LONDON (Reuters) - Voters' ideas of the impact of the European Union on life in Britain are mistaken in many areas, from the level of immigration to non-existent rules over barmaids' cleavages, according to a survey published on Thursday.


With just two weeks to go until they vote in a June 23 referendum on whether to stay in the EU, Britons are still evenly divided on how to vote, polls show. Immigration and the economy have become key battlegrounds for the "In" and "Out" campaigns.


But Thursday's survey by Ipsos MORI and the "UK in a Changing Europe" initiative found many voters' ideas are inaccurate.


For example, on average Britons think EU citizens make up 15 percent of the total UK population, three times the real level of about 5 percent.


Asked about EU regulations, which Out campaigners have described as excessive and interfering, 15 percent believed at least one mythical EU rule put to them such as that the EU had banned barmaids from showing too much cleavage.


"There are obviously still high levels of ignorance about the EU, which is troubling so close to the referendum," said Anand Menon, Director of UK in a Changing Europe, an initiative promoting independent research on UK-EU relations.

"It's now more imperative than ever that the public can be provided with as much factual information about the EU as possible before they cast their vote." berxit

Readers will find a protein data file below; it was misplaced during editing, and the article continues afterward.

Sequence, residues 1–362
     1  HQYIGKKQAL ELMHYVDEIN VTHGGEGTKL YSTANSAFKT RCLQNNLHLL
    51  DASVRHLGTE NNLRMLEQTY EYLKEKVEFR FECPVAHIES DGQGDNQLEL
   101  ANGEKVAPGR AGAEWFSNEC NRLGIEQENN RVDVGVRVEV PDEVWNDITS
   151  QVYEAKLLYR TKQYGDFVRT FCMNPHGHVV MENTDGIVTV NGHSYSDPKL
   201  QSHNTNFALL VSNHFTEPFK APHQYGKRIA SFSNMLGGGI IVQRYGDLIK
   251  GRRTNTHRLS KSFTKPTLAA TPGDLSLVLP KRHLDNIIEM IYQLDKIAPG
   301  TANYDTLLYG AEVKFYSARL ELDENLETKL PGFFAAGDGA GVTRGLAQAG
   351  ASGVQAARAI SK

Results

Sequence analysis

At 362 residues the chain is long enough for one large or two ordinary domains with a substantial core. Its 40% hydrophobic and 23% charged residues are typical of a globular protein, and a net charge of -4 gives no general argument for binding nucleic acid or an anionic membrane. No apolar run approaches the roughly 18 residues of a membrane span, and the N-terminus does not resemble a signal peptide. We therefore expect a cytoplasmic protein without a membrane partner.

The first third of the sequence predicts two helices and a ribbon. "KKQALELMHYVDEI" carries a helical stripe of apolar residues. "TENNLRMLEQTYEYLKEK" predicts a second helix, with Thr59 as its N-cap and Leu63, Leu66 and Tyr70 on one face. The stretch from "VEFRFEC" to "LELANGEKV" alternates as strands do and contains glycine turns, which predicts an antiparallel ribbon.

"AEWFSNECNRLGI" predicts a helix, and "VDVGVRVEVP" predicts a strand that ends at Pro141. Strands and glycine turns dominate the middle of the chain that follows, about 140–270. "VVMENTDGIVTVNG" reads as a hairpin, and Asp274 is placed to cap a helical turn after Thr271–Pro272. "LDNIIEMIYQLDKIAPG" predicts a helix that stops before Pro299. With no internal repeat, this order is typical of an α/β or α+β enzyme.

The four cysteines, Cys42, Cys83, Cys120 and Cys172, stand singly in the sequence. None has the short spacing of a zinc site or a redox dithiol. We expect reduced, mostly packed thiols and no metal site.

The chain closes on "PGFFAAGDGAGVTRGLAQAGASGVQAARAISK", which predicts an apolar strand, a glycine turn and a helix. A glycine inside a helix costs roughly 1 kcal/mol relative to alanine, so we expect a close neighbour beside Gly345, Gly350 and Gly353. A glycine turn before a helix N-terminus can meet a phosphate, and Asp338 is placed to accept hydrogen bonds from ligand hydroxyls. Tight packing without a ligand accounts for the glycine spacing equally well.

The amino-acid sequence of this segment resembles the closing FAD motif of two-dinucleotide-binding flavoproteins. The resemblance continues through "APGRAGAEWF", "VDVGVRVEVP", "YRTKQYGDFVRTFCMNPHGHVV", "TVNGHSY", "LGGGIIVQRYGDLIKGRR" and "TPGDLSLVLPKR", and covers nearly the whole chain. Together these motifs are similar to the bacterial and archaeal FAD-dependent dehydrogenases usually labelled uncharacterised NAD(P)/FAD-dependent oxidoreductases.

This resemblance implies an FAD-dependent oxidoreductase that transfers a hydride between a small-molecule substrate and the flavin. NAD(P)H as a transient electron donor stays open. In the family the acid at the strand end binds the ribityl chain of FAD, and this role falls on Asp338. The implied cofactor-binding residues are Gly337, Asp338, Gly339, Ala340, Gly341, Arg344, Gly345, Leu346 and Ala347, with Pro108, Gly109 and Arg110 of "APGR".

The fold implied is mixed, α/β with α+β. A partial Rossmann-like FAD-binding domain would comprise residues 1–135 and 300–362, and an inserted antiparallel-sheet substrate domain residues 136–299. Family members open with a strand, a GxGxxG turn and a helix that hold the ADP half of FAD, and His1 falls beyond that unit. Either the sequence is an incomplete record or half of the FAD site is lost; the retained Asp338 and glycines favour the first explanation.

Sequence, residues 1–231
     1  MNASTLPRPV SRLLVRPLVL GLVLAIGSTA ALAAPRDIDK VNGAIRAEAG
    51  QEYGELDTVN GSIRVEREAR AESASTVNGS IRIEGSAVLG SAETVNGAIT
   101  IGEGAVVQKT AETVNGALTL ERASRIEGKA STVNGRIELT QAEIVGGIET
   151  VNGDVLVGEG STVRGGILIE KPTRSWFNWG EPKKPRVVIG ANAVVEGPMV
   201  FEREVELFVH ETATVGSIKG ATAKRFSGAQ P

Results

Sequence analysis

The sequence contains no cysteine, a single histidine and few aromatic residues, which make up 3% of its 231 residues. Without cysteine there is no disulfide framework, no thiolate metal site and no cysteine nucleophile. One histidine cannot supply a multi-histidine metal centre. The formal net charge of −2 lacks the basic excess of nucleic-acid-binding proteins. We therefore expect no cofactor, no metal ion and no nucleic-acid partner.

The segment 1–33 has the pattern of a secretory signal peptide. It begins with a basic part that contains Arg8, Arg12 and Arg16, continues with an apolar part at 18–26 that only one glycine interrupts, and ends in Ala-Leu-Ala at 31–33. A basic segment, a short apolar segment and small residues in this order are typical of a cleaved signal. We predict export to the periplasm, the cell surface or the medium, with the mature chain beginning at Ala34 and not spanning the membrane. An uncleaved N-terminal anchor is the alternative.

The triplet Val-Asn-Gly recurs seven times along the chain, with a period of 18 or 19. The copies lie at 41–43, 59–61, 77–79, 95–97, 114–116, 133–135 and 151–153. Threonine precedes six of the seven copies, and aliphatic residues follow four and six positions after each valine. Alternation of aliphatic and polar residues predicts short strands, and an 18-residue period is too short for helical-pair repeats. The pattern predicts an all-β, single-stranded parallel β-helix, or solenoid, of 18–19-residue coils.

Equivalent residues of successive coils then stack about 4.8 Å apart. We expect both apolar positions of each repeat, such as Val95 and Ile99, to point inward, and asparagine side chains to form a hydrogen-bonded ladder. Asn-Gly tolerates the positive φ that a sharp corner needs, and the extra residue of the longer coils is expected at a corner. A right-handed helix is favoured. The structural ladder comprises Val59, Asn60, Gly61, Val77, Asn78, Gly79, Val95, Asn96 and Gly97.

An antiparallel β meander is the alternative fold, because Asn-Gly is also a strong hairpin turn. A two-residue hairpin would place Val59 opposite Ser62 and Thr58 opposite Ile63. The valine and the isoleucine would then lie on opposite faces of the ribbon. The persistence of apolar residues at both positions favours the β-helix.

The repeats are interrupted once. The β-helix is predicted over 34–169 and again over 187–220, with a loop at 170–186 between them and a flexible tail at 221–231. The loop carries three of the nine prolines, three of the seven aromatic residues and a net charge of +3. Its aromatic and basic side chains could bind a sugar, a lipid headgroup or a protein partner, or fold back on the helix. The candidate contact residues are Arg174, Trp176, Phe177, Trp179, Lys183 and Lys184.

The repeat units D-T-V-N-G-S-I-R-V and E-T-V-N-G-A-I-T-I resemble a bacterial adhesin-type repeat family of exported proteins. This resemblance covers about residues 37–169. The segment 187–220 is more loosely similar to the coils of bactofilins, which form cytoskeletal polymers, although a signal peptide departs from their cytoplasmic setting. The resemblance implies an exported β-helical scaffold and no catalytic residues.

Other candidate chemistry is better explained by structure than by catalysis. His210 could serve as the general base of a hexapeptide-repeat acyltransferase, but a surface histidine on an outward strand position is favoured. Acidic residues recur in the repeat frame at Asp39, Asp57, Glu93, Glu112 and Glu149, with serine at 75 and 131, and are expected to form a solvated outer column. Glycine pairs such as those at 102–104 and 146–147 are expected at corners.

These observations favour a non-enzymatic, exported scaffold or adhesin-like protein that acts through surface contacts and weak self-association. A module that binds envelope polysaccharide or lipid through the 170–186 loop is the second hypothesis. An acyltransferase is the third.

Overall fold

The level of welfare payments to children living elsewhere in the EU, one of the central planks in Prime Minister David Cameron's renegotiation of Britain's EU relationship earlier this year, was also hugely overestimated by many people.

The survey found 14 percent of Britons believed 30 percent of all UK child benefit payments went to children abroad, 100 times the actual level of 0.3 percent. Nearly a quarter of people thought the level was 13 percent.

Voters also overestimate how much Britain pays in to the EU budget compared to other members and underestimate how much investment into Britain comes from EU countries, Ipsos MORI said.

The survey also found that one of the In campaign's key messages, that Britons will be worse off post-Brexit, was not persuading everyone. Only a quarter of voters believed their own living standards would be reduced by leaving the bloc.

Ipsos MORI conducted 1,000 interviews online April 29 to May 5 and a further 1,083 between May 27 and 30.

(Reporting by Kylie MacLellan; editing by Stephen Addison)